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Does being Protestant matter? Protestants, minorities and the re-making of ethno-religious identity after the Good Friday Agreement

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The Good Friday Agreement of 1998 gave an opportunity to remake not just political institutions, but ethno-religious distinction in Northern Ireland. This article looks at how individuals reconstruct their way of being Protestant in Ireland and Northern Ireland in the context of social and political change. It shows individuals renegotiating their ways of being Protestant, attempting sometimes successfully to change its socio-cultural salience, blurring ethnic boundaries, distinguishing religious and ethno-national narratives, drawing universalistic political norms from their particular religious tradition. It argues that these renegotiations are highly sensitive to the macro-political context. Changes in this context affect individuals through their changing cognitive understandings and strategic interests that, at least in this case, are as important to identification as social solidarities.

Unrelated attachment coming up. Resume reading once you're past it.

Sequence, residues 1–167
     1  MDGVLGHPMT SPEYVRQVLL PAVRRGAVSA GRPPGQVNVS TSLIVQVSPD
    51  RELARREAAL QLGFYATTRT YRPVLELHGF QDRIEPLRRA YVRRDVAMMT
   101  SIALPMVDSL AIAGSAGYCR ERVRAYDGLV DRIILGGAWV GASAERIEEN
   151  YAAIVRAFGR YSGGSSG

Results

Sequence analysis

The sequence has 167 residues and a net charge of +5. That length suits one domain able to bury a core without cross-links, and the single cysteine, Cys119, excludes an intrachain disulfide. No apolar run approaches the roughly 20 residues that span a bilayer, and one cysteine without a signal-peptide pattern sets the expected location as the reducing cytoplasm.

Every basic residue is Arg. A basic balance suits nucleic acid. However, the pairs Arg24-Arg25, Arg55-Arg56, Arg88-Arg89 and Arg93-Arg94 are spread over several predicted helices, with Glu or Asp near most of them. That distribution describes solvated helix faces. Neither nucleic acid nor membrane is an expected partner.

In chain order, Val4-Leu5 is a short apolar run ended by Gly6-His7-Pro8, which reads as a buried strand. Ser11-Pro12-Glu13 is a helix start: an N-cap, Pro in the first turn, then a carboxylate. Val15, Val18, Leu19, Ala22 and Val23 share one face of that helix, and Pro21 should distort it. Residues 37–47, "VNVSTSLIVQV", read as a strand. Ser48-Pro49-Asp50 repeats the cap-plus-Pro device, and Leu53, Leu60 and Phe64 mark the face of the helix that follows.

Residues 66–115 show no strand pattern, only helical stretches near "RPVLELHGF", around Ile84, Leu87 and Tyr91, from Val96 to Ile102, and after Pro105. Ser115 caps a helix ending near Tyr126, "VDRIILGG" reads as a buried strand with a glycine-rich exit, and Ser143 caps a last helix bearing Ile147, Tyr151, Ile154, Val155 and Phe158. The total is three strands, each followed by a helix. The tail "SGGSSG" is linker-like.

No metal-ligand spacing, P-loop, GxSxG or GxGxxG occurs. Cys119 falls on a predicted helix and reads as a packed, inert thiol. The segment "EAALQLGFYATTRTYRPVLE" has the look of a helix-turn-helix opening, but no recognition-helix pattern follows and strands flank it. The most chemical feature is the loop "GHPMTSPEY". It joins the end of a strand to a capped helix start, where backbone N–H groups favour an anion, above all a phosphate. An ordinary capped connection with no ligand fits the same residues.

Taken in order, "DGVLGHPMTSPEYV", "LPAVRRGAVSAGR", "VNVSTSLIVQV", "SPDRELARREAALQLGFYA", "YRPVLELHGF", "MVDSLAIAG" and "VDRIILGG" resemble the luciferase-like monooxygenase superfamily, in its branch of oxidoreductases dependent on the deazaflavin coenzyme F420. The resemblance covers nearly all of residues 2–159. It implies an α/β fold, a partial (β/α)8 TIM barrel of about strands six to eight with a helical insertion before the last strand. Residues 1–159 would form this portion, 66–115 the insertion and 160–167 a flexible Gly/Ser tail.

Keywords: Northern Ireland; Protestant; ethno-religious identity; identity change; minority; symbolic boundaries

Document Type: Research Article


Affiliations: University College Dublin, Ireland

Publication date: 2009-03-01

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